Tender Mercies

Well, over the last few weeks I have been poked and prodded and scanned. The general consensus of the doctors is that the treatments worked and the cancer is gone. I will have another scan in October to check it again. I don’t know that I have won the war, but I do feel like the battle is mine.

A fourth of July visit with my beautiful mother, Jane Schulz

A fourth of July visit with my beautiful mother, Jane Schulz

And battle scars—I have a few. My shoulder has a gouge taken out of it due to the removal of a tumor that was on my carotid artery. My voice box has been removed along with the throat cancer tumor and my voice.  A tube with a back flow valve has been surgically inserted between my trachea and my esophagus allowing regulated air to flow into my mouth cavity and thereby allowing  me to talk. There is a button on my throat that I can push to direct air through this tube when I want to talk. It is a very simple device but difficult to explain.

So I have a new sense of hope. When I think of cancer I think of a movie (The Shootist, 1976) that I saw with Jimmy Stewart and John Wayne in which Stewart looked at Wayne and said, “You have a cancer.”  I knew right then that the character was going to die. Up until recently I guess my mind just accepted cancer as being the kiss of death. Now I know different. I know that in many cases, finding the cancer is the first step in treating and eradicating it.

I have been learning about my “store bought” voice for five or six months and have been slowly gaining confidence in using it. My writing group, The Rome Area Writers (Rome, Georgia) was due to meet last week and the writing prompt was “Tender Mercies.” I decided to write something short to read for the group and just find out how much progress I was making. The reading went rather well considering, and I felt good about it. Here’s the piece:

Tender Mercies.

She is a nice looking forty-five

Year old third generation

Trust fund baby who had

Married a second generation

Trust fund baby.


I have just gotten through wit

A three year cancer battle

In which I lost my voice

And sustained several other scars.

“You look good, John.”

She said as she gave me a perfunctory hug.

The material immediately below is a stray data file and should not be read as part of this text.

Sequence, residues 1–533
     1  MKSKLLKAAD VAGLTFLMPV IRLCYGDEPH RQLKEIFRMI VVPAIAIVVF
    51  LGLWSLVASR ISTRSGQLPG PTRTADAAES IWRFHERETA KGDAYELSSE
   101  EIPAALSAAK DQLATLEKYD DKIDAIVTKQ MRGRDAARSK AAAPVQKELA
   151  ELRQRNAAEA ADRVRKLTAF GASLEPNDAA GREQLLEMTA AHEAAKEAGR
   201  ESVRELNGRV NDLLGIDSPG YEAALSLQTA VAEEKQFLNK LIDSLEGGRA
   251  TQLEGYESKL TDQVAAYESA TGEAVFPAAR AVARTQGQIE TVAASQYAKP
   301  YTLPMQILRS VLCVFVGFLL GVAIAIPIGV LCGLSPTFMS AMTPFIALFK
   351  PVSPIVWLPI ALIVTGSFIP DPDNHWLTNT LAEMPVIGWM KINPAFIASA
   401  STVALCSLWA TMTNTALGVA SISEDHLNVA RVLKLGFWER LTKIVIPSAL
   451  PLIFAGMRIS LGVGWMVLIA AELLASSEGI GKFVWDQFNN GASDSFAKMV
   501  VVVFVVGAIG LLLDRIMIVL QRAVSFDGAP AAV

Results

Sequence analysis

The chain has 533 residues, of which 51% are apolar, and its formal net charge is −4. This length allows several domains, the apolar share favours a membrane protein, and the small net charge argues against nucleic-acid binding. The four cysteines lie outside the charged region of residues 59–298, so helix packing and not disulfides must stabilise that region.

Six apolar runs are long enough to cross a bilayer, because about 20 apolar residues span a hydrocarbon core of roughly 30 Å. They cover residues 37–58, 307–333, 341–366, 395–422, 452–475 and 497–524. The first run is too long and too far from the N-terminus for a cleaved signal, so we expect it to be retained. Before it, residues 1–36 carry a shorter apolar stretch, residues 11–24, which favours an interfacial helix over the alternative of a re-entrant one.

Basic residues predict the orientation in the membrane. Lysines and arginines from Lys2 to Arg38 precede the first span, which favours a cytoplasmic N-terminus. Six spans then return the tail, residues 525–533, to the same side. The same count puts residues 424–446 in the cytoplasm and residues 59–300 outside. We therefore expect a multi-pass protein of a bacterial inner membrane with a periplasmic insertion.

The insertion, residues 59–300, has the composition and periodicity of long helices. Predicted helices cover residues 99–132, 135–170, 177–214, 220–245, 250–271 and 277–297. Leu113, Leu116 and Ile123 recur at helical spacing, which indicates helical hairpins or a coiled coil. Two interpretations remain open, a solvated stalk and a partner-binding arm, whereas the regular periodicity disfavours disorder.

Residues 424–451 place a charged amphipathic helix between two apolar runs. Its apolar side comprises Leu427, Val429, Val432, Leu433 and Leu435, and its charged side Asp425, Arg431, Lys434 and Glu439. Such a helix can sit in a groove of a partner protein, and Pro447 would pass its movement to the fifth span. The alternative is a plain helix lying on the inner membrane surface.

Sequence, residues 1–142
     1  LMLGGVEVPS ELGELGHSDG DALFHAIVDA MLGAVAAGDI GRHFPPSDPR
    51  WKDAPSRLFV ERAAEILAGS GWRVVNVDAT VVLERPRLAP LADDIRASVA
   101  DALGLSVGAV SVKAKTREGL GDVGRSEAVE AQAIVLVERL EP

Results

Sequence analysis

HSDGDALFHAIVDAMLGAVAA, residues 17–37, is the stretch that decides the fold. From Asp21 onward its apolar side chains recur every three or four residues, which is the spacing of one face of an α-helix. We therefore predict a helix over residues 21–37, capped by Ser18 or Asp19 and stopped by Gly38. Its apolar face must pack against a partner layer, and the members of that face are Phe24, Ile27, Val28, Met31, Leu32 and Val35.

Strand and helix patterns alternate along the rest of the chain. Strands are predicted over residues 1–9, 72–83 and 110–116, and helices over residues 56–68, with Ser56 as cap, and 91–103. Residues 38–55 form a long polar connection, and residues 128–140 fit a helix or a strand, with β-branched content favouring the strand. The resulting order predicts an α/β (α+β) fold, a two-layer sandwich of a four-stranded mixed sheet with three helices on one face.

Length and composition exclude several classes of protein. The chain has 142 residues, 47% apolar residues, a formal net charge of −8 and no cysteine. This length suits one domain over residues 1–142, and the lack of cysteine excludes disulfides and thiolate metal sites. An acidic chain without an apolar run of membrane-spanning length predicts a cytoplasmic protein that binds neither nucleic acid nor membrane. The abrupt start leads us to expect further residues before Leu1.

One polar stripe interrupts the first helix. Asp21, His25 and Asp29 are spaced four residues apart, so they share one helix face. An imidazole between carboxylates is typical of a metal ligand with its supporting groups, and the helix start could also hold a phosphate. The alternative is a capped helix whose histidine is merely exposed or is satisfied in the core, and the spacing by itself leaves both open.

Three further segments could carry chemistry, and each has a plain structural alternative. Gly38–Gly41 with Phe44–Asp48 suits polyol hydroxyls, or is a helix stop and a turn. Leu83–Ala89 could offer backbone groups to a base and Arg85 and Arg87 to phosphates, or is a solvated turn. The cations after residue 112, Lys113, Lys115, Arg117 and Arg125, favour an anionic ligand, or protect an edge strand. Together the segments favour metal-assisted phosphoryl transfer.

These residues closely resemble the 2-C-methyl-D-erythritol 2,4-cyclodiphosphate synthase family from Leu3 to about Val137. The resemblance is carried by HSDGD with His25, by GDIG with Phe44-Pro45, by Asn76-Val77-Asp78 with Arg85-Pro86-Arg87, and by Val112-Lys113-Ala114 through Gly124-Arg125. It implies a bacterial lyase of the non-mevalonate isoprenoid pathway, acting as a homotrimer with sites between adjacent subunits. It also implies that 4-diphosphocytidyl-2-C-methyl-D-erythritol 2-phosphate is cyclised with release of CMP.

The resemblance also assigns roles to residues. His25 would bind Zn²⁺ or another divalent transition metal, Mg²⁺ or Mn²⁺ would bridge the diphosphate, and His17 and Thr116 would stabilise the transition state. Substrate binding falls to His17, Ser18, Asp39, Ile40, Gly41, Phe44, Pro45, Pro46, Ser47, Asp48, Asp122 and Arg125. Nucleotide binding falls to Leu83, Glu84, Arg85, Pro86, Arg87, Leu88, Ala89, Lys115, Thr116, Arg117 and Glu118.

She stood back and looked at me

“How are you doing,” she asked

And nodded toward the button on my throat,

“Other than that…”


“How insensitive,” I thought to myself

“I’m feeling great,” I said with a big smile.

She replied, “I’ve been praying for you, and

We put you on the prayer list at my church.”

I thanked her kindly.


On the way home I thought to myself

“Four years ago

Four years ago I would have been devastated

To think I would have a button on my throat

That I had to push any time I wanted to talk.”

And I thought some more.


You know

There is nothing like five months

Without being able to talk,

To make one really appreciate such a button

I pulled into the driveway,

Home from a long day.


“Welcome home,” my wife said

She smiled and gave me more than a perfunctory hug.

She backed off and looked at me

With a shine in her eye…

“How was your day?” she asked.


If you still need your plant fix for the week, go see the website for my new hero, Jake Hobson. He has taken Japanese pruning techniques to England. Wow

As usual, I would just love for you click here to go to Amazon and purchase the ebook edition of my wonderful book, Requiem for a Redneck to go on your Kindle. I have also noticed that Amazon now has a free Kindle app for iphones and tablets. Is that cool or what?


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Now available as an ebook at Amazon–read it on your Kindle

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